Each of the six women playing these six queens is thoroughly talented and shine equally, a rare and wonderful thing to see on stage and despite the competitiveness, it’s ultimately a show of sisterhood. This is a girl gang you really want to join.

After the defiant intro number Ex-Wives, Lauren Drew (Catherine of Aragon) starts the ball rolling with the sassy No Way followed by Maddison Bulleyment’s hysterical Anne Boleyn delivering the Lily Allen-ish Don’t Lose Your Head, including the lyrics: “I tried to elope but the Pope said ‘nope'” and “everybody chill, it’s totes God’s will”. Lauren Byrne (Jane Seymour) tugs at the heart-strings in the power ballad Heart of Stone. Shekinah McFarlane (Anna of Cleves) gives us the Rhianna-like Get Down and delivers the laughs with: “I’m the Queen of the castle, get down you dirty rascals” when ‘exiled’ to a life of luxury and independence after her divorce from Henry. Jodie Steele delivers Katherine Howard’s All You Wanna Do, with defiance, the lyrics make you question (in light of the #MeToo movement) has anything really changed for women in the past 500 years? And sheds new perspective on how she has been remembered in history. Athena Collins brings the women’s stories to an end absolutely beautifully with Catherine Parr’s Beyoncé-like torch song I Don’t Need Your Love. Each of these woman has is a power-house vocalist and could tear up any stage. That said, the songs they are asked to deliver are hard not to love and as catchy as hell. The rousing Six and Megasix mash-up brings the house to its feet to get down at the end.

Carrie-Anne Ingrouille’s choreography is sharp, original and modern, and perfectly executed by the cast. Gabriella Slade’s costume design is Ariana Grande does Tudor and it works fabulously, as does Emma Bailey’s simplistic but effective, concert-style set design and Tim Deiling’s rich lighting.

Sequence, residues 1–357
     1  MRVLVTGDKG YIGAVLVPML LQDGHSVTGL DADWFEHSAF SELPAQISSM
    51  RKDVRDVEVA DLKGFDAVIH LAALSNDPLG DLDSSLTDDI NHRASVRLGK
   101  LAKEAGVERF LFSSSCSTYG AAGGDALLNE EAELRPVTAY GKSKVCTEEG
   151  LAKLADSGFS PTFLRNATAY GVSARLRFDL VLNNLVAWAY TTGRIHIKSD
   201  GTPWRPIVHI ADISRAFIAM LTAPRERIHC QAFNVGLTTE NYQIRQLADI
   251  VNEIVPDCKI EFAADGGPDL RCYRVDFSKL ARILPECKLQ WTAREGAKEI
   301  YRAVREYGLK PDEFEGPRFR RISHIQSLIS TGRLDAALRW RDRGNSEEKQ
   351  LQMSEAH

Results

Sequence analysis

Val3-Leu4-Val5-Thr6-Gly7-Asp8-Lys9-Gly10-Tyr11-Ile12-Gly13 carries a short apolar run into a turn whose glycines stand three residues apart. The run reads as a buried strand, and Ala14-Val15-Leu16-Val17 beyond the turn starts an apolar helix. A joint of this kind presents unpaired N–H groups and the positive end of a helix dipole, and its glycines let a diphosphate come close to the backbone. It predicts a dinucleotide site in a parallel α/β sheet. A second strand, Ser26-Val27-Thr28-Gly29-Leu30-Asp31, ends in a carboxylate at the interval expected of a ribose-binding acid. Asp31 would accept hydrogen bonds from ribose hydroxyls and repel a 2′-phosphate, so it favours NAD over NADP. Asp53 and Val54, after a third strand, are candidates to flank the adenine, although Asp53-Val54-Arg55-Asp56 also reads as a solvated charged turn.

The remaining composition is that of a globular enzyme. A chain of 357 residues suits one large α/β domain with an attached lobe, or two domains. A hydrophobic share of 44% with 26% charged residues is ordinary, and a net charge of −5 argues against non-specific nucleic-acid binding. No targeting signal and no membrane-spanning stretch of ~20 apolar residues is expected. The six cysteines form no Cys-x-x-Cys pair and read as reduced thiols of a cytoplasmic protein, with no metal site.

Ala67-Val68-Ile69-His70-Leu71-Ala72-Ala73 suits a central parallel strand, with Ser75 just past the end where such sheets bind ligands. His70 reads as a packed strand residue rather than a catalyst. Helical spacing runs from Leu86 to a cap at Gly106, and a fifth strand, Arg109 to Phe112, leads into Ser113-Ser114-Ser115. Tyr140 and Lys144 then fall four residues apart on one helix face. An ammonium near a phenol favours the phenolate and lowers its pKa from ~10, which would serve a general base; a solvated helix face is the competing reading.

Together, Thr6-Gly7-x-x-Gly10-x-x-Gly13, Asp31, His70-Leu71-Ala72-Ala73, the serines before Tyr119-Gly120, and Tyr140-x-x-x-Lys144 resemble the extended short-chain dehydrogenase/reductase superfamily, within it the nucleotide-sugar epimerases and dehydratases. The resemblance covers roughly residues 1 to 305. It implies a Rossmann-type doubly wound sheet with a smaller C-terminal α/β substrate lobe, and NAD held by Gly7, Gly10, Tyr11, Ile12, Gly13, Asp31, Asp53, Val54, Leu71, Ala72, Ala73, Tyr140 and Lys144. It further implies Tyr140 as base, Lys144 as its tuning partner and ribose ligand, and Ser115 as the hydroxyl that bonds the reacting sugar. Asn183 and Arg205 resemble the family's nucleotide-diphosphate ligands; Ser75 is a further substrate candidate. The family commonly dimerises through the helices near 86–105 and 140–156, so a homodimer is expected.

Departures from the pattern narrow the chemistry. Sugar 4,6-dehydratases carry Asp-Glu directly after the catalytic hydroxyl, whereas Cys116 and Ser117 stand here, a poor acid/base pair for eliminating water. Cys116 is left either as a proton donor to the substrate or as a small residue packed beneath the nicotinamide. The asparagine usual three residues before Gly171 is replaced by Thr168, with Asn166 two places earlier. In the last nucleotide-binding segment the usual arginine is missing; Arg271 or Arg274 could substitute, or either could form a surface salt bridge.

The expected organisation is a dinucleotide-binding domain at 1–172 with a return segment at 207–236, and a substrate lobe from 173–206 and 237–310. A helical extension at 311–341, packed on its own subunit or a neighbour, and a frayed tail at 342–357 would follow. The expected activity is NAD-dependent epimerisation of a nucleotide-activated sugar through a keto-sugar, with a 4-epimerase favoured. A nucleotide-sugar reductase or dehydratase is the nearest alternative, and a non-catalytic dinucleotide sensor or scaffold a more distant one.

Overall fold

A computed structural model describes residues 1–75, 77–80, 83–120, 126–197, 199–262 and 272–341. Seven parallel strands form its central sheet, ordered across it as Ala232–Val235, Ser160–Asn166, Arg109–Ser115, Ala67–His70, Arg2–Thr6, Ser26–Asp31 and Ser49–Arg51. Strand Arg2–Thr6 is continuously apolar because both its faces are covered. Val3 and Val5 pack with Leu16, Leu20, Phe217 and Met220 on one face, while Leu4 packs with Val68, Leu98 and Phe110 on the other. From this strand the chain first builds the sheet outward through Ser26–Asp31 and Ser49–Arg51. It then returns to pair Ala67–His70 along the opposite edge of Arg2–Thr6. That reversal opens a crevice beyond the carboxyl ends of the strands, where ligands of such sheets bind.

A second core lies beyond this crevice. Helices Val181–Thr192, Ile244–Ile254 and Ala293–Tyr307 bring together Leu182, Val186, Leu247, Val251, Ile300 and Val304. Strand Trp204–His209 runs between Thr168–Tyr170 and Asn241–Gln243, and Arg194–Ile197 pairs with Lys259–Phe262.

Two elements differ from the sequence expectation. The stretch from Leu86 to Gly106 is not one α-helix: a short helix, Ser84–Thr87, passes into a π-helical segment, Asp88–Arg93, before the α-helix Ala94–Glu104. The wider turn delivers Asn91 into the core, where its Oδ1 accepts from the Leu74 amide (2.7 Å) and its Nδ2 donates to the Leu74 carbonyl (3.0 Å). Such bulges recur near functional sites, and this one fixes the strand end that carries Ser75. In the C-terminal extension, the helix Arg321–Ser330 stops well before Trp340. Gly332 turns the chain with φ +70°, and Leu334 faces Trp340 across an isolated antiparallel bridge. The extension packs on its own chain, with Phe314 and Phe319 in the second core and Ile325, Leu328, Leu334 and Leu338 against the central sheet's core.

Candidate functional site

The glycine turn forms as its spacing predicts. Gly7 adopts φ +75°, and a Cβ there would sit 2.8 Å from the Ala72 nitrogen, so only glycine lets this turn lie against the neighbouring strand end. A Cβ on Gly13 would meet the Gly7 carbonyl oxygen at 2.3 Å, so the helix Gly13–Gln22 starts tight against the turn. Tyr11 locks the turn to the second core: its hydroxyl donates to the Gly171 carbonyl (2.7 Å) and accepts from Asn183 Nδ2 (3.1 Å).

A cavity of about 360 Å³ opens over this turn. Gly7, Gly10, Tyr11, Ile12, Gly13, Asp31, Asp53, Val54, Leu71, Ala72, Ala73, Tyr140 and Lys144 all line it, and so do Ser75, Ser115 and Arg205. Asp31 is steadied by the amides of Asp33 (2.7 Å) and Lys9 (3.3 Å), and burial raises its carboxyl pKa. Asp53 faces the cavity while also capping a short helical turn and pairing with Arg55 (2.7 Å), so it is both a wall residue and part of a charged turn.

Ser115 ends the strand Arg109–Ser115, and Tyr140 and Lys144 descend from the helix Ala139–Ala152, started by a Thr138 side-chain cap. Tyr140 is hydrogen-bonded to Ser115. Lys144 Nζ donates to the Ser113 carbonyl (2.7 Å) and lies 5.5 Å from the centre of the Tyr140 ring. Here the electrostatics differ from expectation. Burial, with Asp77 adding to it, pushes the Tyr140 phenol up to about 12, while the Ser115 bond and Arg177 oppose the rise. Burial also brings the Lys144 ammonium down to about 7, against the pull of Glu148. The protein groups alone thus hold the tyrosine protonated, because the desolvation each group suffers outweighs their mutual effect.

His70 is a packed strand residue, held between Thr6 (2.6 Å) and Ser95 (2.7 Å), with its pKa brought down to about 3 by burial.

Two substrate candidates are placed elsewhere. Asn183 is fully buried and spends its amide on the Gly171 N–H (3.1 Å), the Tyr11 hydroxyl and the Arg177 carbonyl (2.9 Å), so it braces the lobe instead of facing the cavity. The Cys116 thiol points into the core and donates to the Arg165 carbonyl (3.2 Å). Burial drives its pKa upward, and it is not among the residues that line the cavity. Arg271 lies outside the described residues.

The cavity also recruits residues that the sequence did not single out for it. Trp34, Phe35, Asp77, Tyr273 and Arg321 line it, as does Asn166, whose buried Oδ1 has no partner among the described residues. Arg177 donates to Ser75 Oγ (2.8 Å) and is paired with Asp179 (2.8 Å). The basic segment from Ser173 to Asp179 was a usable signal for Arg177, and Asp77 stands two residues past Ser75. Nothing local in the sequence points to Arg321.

The face-off between the women is definitely a twisted sisterhood, they each fling the other’s sob story back in their faces, but this show of fierce womanhood is utterly irresistible. The dawning realisation by each woman that they only claim their place in history because of the man they married, reduced to: “just one word in a stupid rhyme” is actually heart-breaking. Thankfully they get “five more minutes” to set the record straight and send the audience to the street on an absolute high.

The succinct story telling packs a punch and the compact 75-minute running time is audience friendly. Marlow and Moss prove again that HISTORY + MUSICAL THEATRE = HIT. They have successfully distilled 500 year-old history into a perfect piece of entertainment for the 21st Century. Having seen it several times now, Six remains one of the best things out there and stands up to repeated viewings (something this reviewer is never keen on).

It’s a welcome breath of fresh air in a fog of tired, relentlessly touring, mediocre musicals. Get a ticket while you can, you won’t regret it.

Runs until 10th November 2019 at the Theatre Royal, Glasgow

review originally published at The Reviews Hub

« Older Entries